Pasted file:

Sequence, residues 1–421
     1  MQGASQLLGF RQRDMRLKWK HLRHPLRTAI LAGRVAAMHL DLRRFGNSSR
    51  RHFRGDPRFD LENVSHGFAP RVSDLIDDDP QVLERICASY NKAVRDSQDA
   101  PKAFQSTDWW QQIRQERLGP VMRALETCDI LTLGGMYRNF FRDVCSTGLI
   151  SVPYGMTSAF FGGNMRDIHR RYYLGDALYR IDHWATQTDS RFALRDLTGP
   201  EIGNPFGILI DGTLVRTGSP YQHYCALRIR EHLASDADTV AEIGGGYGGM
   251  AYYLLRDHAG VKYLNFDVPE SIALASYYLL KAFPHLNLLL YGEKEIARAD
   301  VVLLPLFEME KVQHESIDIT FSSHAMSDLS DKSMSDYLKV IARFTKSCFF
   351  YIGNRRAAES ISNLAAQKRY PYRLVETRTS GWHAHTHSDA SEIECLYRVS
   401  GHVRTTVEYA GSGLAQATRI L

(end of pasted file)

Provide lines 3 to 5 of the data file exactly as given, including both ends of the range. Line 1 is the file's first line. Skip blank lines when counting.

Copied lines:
    51  RHFRGDPRFD LENVSHGFAP RVSDLIDDDP QVLERICASY NKAVRDSQDA
   101  PKAFQSTDWW QQIRQERLGP VMRALETCDI LTLGGMYRNF FRDVCSTGLI
   151  SVPYGMTSAF FGGNMRDIHR RYYLGDALYR IDHWATQTDS RFALRDLTGP